The fact that I could only find one article that was about Jews in the midst of the Thai Coup (yeah, it sounds funny) could either be due to my faulty googling or the fact that very few Jews live in Asia. Either way, that picture is probably not of Chabad rabbis taking in Israelis. If it is, the Bangkok Chabad has done some awesome proselytizing.

Authenticity doesn't live here anymore.

The way to promote dialogue is through mockery.

Rules of Engagement

Bradley Burston, who writes for, posted the following parameters for commentary and discussion on his blog. Although Annie and I will not indulge in such censorship, I think it would do us all some good to ponder why Burston thought these rules were necessary.

Burston writes,

"The guiding principles of the talkback forum for this article will be mutual respect and an openness to dialogue. Participants, even if they rule out, dismiss or oppose coexistence, must, within the confines of this forum, practice it.

Censorship will be unapologetic.

Political orientation will have absolutely no bearing on whether a comment is posted or rejected.

The following will be grounds for deletion:
1. Racist remarks, as well as slurs on the basis of religion, ethnicity and gender.
2. Use of the terms Nazi, Hitler, genocide, ethnic cleansing, to describe the actions and policies of Israelis, Palestinians or other parties to the Israel-Arab conflict.
3. Disparaging remarks, personal attacks, vulgarities and profanities directed at other participants in the forum.
4. Advocacy of violence against individuals or religious, ethnic or racial groups, including statements which may be construed as urging attacks on leaders, officials, security forces or civilians.
5.Use of the phrase: "There are no Palestinians" or derivatives thereof."

Speaking of rules of engagement, never ask me why I am not engaged. It is an unacceptable question and makes me think impolite thoughts about your upbringing.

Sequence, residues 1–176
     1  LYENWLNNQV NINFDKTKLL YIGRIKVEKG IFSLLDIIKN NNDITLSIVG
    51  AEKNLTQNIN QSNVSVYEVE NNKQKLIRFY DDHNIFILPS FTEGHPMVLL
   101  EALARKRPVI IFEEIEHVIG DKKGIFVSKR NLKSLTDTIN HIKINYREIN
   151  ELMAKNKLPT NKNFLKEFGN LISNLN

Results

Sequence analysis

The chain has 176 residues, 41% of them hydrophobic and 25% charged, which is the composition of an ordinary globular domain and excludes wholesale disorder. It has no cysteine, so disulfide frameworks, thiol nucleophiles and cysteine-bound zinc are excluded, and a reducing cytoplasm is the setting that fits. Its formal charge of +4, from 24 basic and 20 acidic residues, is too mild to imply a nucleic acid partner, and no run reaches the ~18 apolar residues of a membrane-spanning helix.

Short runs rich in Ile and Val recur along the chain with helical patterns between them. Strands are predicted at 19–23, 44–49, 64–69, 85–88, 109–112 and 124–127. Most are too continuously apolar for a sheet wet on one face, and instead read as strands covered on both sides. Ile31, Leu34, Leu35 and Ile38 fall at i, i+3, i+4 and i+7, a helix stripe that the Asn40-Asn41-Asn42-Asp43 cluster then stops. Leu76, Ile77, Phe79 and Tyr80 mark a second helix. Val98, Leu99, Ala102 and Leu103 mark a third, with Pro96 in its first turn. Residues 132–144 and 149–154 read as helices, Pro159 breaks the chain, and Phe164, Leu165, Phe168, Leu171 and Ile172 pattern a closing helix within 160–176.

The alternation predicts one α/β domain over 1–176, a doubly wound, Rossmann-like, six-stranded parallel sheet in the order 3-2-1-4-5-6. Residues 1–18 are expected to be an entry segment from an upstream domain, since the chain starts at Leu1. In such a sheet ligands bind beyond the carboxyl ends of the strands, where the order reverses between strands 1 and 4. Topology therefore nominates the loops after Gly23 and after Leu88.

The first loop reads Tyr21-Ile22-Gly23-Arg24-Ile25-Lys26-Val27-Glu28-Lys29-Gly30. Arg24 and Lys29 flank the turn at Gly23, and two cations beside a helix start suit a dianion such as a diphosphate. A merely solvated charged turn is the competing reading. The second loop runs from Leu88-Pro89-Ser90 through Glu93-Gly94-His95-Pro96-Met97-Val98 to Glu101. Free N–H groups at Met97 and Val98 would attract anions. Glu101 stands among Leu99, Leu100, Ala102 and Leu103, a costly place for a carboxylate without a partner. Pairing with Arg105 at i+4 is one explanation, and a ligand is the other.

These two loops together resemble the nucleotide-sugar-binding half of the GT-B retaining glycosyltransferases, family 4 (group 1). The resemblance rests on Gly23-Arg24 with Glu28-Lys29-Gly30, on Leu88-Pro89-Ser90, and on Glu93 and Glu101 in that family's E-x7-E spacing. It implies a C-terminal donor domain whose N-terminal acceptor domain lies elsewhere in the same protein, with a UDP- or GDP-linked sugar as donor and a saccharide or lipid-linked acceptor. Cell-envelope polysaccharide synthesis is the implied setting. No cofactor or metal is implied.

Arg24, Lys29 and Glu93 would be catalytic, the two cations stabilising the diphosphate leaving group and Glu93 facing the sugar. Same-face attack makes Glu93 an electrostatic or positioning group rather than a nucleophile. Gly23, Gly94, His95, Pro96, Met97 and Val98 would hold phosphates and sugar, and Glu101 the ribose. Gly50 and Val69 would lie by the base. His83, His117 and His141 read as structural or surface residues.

Jews in Hollywood

During the OyHoo! Conference Judy Gold and Lewis Black sat on a stage together discussing what it means to be a Jewish comedian. Judy said something that I found really interesting, and that was "To the Jews I'm a Jewish comedian, to the non-Jews I'm just a comedian." This reminded me of the conversation that I have at least once a week:

Friend: Did you know that (name of celebrity) is Jewish?
Annie: No! Really?
Friend: Yeah! His/her (name of family member) is Jewish.
Annie: Huh. Who knew?

Why do we care about this? There are a number of reasons, none of which that I will explore now.I usually have pretty good Jew-dar, but I missed a few major celebrities. It is not a coincidence that most of these come from the September/October issue of AJL.

People that I didn't know:
Amanda Peet
Brad Garrett
Evan Rachel Wood
Victor Garber
Howie Mandel
Scarlett Johansson(I knew, but I keep forgetting because her sounds so Scandinavian)
Kate Hudson
Paul Rudd
and man of my dreams: Jake Gyllenhaal*

People that I did know:
Jon Stewart
Jeff Goldblum
Debra Messing
Jerry Seinfeld

*Can you blame me? NJB with nice blue eyes, played a marine, and not homophobic. Also, an ivy league grad. Seriously.

A Lesson in Manners

In case you were pondering the definition of faux pas this morning, I have a textbook example. In the elevator ride up to my office, I heard the following exchange:

Lady A: "I watched the news this morning to see how many people were at the rally [in solidarity with Israel and in protest of the President of Iran addressing the U.N.] yesterday."

Lady B: "Oh. Did you?"

Lady A: "Yes. Where were you?"

Lady B: "[Embarrassed] I had work to do."

Lady A: "Like I didn't." And leaves the elevator.

Can anyone spot the faux pas? Lady A, you may not, under any circumstances, chide someone for missing a rally or demonstration. Not everyone agrees with your politics or expresses their political beliefs in the same way. It is indefensible to chastise a grown woman for missing a rally, regardless of your passion for the cause or your belief in its inscrutable truth. Kal v'chomer*, not in an elevator full of people.

*Indicating an a fortiori argument, kal v' chomer translates loosely into, "all the more so."

Rally 'Round the UN

Rally for Israel: the good, the bad, and the ugly.

What are bloggers saying about yesterday's rally at the UN?